However, because Cervantes will be on an East Coast tour with the band Howlin’ Rain, starting Aug. 6, the festival did some juggling to be able to show “Mrs. Henry presents The Last Waltz” before he leaves town.
“We were saddened at the thought of having the film be in the festival and not have Dan be there,” Niles said. “So we were lucky that the Sunshine Theatre had Aug. 4 open. The plan is for Mrs. Henry to sit on stools on stage and do four or five songs, in a semi-acoustic format, and also do a Q&A, which I’ll probably moderate.”
By coincidence, the Aug. 4. world premiere of “Mrs. Henry presents The Last Waltz” takes place a month and a day prior to the Sept. 5 world premiere of the new music film documentary “Once Were Brothers: Robbie Robertson and The Band” at Canada’s 44th annual Toronto Film Festival. Like the original “The Last Waltz” film 42 years ago, the new “Brothers” is being helmed by Oscar-winning director Martin Scorsese
Cervantes had to obtain legal clearance and pay music copyright and publishing fees for each of the nearly three dozen songs performed in “Mrs. Henry presents The Last Waltz.” He plans to submit the movie to other film festivals.
“I had to contact Robbie Robertson (the former leader of The Band) directly through Facebook,” Cervantes said. “His publishing company pointed me to another publishing company, and they said: ‘Cool, send the check here.’ It was the same thing with Neil Young. There’s a music licensing company called Song File, where I purchased the majority of these (song) clearances.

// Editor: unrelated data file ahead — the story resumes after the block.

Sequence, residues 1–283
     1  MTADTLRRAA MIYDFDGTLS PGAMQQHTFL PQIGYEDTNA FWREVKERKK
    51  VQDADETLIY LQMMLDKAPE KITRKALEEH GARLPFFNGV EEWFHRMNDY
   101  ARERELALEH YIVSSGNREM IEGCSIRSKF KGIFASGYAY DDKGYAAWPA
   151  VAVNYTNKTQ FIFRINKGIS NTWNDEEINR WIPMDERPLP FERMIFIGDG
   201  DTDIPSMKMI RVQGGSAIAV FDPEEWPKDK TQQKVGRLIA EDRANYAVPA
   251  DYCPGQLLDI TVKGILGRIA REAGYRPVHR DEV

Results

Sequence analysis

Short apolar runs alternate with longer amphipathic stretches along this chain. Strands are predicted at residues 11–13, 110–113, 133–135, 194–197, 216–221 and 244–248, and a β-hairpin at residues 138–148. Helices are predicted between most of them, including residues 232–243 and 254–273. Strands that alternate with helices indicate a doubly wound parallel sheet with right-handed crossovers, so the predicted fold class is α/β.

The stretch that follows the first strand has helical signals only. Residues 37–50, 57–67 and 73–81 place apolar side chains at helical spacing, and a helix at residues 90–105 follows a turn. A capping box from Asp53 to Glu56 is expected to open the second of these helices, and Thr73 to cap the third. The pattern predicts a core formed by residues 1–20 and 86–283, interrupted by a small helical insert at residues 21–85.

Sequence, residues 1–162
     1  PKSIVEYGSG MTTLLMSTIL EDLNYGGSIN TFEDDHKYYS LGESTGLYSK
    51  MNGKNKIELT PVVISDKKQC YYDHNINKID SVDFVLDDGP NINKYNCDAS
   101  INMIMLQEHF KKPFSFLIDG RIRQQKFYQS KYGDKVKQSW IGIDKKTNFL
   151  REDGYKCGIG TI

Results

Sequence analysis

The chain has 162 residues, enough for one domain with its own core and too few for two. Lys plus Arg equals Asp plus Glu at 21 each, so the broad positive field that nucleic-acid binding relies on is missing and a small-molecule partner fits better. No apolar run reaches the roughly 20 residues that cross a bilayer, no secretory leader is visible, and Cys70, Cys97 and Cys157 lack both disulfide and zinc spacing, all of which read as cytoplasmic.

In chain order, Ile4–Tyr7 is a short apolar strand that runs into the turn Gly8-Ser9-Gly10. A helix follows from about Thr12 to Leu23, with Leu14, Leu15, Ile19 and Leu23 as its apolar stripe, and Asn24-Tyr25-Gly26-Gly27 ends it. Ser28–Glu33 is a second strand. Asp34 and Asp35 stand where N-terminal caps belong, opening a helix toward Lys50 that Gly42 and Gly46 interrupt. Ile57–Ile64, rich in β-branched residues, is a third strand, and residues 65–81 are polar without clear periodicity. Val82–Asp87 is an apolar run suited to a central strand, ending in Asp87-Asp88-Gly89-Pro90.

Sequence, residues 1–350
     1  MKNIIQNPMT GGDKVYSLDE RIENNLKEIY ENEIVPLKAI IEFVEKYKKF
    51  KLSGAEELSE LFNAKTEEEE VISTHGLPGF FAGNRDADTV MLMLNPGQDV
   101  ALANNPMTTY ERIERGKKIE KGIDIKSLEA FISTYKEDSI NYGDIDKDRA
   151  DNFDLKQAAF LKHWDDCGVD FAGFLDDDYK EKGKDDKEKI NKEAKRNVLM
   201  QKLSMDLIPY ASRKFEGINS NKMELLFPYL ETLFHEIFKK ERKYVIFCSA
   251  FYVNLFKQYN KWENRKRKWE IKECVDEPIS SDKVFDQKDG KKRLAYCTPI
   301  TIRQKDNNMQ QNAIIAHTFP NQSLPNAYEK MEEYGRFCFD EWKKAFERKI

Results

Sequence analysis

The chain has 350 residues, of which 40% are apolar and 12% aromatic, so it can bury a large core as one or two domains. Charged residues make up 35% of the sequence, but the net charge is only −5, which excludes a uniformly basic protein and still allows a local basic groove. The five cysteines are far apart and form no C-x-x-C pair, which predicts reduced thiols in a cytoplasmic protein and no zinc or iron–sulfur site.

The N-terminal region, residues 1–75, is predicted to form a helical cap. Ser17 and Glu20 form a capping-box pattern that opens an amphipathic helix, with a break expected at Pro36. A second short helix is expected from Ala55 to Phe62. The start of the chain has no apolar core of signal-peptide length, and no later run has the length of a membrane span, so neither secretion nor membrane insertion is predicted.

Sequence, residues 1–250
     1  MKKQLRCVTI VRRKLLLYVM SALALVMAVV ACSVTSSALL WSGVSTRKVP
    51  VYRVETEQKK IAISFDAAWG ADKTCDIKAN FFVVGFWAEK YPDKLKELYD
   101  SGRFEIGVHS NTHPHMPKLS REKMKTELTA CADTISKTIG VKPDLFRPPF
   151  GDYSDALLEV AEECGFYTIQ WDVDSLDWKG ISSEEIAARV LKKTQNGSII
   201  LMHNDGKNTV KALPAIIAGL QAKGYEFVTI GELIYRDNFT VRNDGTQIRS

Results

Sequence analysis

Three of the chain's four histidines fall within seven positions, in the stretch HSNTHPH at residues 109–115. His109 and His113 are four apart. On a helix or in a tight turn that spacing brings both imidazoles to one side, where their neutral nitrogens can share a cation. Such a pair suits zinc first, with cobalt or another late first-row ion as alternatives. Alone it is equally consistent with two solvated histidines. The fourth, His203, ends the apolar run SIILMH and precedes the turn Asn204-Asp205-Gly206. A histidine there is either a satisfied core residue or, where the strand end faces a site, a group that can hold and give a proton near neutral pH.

“Because this is a limited release of 300 CD copies and5300 vinyl copies, they said: ‘You don’t need to fill out a form, just send a check!’ ”
Mrs. Henry, with Ten Bulls, The Ripening and The Anodynes
When: 9 p.m. Saturday
Where: The Casbah, 2501 Kettner Blvd., Middletown
Tickets: $10 at the door (must be 21 or older to attend)
Phone: (619) 232-4355
“Mrs. Henry presents The Last Waltz” world premiere at the Oceanside Film Festival
When: 6:30 p.m. Aug. 4
Where: Brooks Theatre, 217 North Coast Highway, Oceanside
Tickets: $15 (all ages)
Phone: (760) 433-8900
11:14 a.m. July 18, 2019: This article has been updated to add a reference to the new, Maryin Scorsese-helmed film, “Once Were Brothers: Robbie Robertson and The Band,” which will debut at Canada’s 44th annual Toronto Film Festival.
Sign up for the Pacific Insider newsletter
PACIFIC magazine delivers the latest restaurant and bar openings, festivals and top concerts, every Tuesday.
You may occasionally receive promotional content from the Pacific San Diego.